The yield of original plipastatin produced by B. subtilis pB2-L was only 10 mg/L, which may be result in the production level of derivatives in these experiments were very low. Similar yield reduction has been reported in many engineering NRPS. For example, the production of novel antibiotics related to daptomycin generally ranged from about 1% to 50% of control, which were generated by module exchanges, NRPS subunit exchanges, inactivation of the tailoring enzyme and natural variations of the lipid tail3,13. The yields of surfactin derivatives generated by modified the surfactin synthetase were also relatively low10,11,23,31. Lipopeptides produced from the engineering synthetases can be interesting for pharmaceutical applications, even though the reduction compared with the wild-type enzyme. It is possible that this approach could be applied to industrial plipastatin production for generating significant quantities of plipastatin derivatives with improved biological activities. Besides, we might anticipate improving the yields by modification of the regulatory regions and optimizing fermentation parameters.

In summary, our approach enables the construction of truncated hybrid enzymes to synthesize peptides of desired length and amino acid composition, and provides important insights into the regioselectivity of plipastatin TE, which could be used to rationally manipulate the ring size of macrocyclic product. We believe that the plipastatin TE domain has great potential in the engineering of peptide synthetases for generating many new analogues of active peptides, especially non-linear and modified peptides that are difficult and costly to produce via chemical synthesis.

Additional Information

How to cite this article: Gao, L. et al. Translocation of the thioesterase domain for the redesign of plipastatin synthetase. Sci. Rep. 6, 38467; doi: 10.1038/srep38467 (2016).

Publisher's note: Springer Nature remains neutral with regard to jurisdictional claims in published maps and institutional affiliations.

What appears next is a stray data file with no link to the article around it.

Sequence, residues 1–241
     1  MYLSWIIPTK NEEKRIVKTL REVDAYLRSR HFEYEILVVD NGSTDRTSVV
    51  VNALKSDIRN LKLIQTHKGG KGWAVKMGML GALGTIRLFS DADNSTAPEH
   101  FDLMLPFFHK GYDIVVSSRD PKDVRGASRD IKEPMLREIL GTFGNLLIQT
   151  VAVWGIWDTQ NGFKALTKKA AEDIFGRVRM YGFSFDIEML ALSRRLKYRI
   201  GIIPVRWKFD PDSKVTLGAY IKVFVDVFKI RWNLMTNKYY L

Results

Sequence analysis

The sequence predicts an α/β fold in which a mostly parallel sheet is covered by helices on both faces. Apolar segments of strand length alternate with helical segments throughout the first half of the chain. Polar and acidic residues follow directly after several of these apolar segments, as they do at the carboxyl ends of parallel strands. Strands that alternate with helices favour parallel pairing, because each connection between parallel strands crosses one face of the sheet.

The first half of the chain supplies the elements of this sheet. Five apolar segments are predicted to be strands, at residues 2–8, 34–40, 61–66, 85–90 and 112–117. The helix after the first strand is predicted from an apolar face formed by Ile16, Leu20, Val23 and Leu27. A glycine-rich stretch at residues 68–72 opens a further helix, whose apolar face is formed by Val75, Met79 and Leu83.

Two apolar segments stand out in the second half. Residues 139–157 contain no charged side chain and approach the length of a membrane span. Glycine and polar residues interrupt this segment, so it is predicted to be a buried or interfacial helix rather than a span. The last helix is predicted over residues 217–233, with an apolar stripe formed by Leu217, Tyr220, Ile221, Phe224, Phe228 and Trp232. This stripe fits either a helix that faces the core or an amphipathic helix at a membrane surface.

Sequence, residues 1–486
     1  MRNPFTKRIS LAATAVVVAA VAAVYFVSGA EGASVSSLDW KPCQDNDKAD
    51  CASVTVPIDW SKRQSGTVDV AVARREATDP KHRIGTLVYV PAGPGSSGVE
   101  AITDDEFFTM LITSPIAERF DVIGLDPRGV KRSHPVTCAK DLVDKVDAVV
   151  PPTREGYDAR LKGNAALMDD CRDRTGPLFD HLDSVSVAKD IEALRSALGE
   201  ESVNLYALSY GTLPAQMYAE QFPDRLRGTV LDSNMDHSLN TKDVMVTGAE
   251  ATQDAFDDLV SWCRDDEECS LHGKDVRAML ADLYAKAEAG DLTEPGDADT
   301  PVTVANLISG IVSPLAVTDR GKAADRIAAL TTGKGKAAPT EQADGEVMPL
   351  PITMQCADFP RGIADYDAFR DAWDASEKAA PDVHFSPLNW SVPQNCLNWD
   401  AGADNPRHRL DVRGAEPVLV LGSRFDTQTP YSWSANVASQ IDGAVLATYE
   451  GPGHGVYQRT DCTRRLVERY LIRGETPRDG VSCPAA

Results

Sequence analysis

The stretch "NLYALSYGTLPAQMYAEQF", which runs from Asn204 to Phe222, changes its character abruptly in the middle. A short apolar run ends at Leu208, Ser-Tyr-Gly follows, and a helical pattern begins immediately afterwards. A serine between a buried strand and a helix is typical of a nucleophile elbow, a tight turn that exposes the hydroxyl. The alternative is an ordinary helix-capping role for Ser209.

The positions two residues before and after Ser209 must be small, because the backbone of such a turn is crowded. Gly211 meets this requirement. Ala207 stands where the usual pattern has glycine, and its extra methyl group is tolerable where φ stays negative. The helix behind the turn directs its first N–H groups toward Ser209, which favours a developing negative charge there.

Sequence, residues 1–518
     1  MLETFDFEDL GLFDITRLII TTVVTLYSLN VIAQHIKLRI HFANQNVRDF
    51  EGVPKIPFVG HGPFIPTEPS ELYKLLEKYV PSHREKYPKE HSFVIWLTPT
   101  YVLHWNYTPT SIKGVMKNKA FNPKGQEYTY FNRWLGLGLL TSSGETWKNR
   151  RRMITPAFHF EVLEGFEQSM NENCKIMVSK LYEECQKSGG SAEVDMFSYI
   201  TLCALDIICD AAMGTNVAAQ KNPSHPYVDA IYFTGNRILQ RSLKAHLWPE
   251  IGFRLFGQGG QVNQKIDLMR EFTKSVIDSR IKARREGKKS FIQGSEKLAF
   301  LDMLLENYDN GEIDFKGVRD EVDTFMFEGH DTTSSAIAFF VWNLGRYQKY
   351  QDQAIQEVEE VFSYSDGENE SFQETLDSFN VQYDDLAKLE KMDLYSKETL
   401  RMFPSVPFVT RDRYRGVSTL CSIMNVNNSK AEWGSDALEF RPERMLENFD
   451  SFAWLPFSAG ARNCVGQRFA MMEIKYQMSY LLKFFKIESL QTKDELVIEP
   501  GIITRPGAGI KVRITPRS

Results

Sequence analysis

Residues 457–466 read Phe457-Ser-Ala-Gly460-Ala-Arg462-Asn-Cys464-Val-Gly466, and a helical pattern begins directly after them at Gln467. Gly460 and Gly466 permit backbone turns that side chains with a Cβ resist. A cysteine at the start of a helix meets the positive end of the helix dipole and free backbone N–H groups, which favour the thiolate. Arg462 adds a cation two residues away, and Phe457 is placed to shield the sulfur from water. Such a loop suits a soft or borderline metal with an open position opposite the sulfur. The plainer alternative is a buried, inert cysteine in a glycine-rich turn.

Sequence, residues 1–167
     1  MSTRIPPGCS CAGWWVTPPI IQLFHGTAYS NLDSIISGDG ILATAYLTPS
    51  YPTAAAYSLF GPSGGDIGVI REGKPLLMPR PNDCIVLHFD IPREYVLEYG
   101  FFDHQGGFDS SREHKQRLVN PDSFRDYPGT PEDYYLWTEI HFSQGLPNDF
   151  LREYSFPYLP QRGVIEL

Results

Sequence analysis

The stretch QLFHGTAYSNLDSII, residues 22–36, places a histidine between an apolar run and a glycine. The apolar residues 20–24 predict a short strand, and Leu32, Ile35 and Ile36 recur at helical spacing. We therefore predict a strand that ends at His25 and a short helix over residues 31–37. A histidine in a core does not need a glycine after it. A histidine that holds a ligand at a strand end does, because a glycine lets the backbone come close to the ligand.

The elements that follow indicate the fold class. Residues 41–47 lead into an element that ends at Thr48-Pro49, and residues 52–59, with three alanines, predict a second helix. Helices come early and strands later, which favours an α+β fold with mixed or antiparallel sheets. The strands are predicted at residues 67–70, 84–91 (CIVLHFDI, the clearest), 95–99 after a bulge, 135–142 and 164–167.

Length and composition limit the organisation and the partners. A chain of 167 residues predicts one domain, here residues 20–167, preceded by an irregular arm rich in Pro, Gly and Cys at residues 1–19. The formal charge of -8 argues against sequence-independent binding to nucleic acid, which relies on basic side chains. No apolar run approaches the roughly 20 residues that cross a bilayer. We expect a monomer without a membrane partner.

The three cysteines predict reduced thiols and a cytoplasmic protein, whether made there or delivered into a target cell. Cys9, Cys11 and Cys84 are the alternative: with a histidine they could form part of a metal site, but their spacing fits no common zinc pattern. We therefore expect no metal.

1. 1.

    & In Microorganisms in Sustainable Agriculture and Biotechnology (eds et al.) 91–111 (Springer, 2012).

  2. 2.

    In Biosurfactants (eds ) 57–91 (Springer, 2011).

  3. 3.

    Biosynthesis and genetic engineering of lipopeptides in Streptomyces roseosporus. Method Enzymo 458, 511–531 (2009).

  4. 4.

    , & Construction of hybrid peptide synthetases by module and domain fusions. P Natl Acad Sci 97, 5848–5853 (2000).

  5. 5.

    & Enzymology of acyl chain macrocyclization in natural product biosynthesis. Chem Commun 297–307 (2003).

  6. 6.

    et al. Plipastatins: new inhibitors of phospholipase A2, produced by Bacillus cereus BMG302-fF67. I. Taxonomy, production, isolation and preliminary characterization. J Antibiot 39, 737–744 (1986).

  7. 7.

    , , , & Sequence completion, identification and definition of the fengycin operon in Bacillus subtilis 168. Microbiology 143, 3443–3450 (1997).

  8. 8.

    et al. Structural and functional organization of the fengycin synthetase multienzyme system from Bacillus subtilis b213 and A1/3. Chem Biol 6, 31–41 (1999).

  9. 9.

    , & Analysis of engineered multifunctional peptide synthetases enzymatic characterization of surfactin synthetase domains in hybrid bimodular systems. J Biol Chem 274, 21581–21588 (1999).

  10. 10.

    , & Rational design of peptide antibiotics by targeted replacement of bacterial and fungal domains. Science 269, 69–72 (1995).

  11. 11.

    , & Targeted alteration of the substrate specificity of peptide synthetases by rational module swapping. Mol Gen Genet 257, 308–318 (1998).

  12. 12.

    et al. Genetic engineering in Streptomyces roseosporus to produce hybrid lipopeptide antibiotics. Chem Biol 13, 269–276 (2006).

  13. 13.

    et al. Combinatorial biosynthesis of novel antibiotics related to daptomycin. P Natl Acad Sci 103, 17462–17467 (2006).

  14. 14.

    et al. Production of novel lipopeptide antibiotics related to A54145 by Streptomyces fradiae mutants blocked in biosynthesis of modified amino acids and assignment of lptJ, lptK and lptL gene functions. J Antibiot 64, 79–87 (2011).

  15. 15.

    et al. Structural basis for the cyclization of the lipopeptide antibiotic surfactin by the thioesterase domain SrfTE. Structure 10, 301–310 (2002).

  16. 16.

    , , & The thioesterase domain of the fengycin biosynthesis cluster: a structural base for the macrocyclization of a non-ribosomal lipopeptide. J Mol Biol 359, 876–889 (2006).

  17. 17.

    & Chemoenzymatic and template-directed synthesis of bioactive macrocyclic peptides. Microbiol Mol Biol R 70, 121–146 (2006).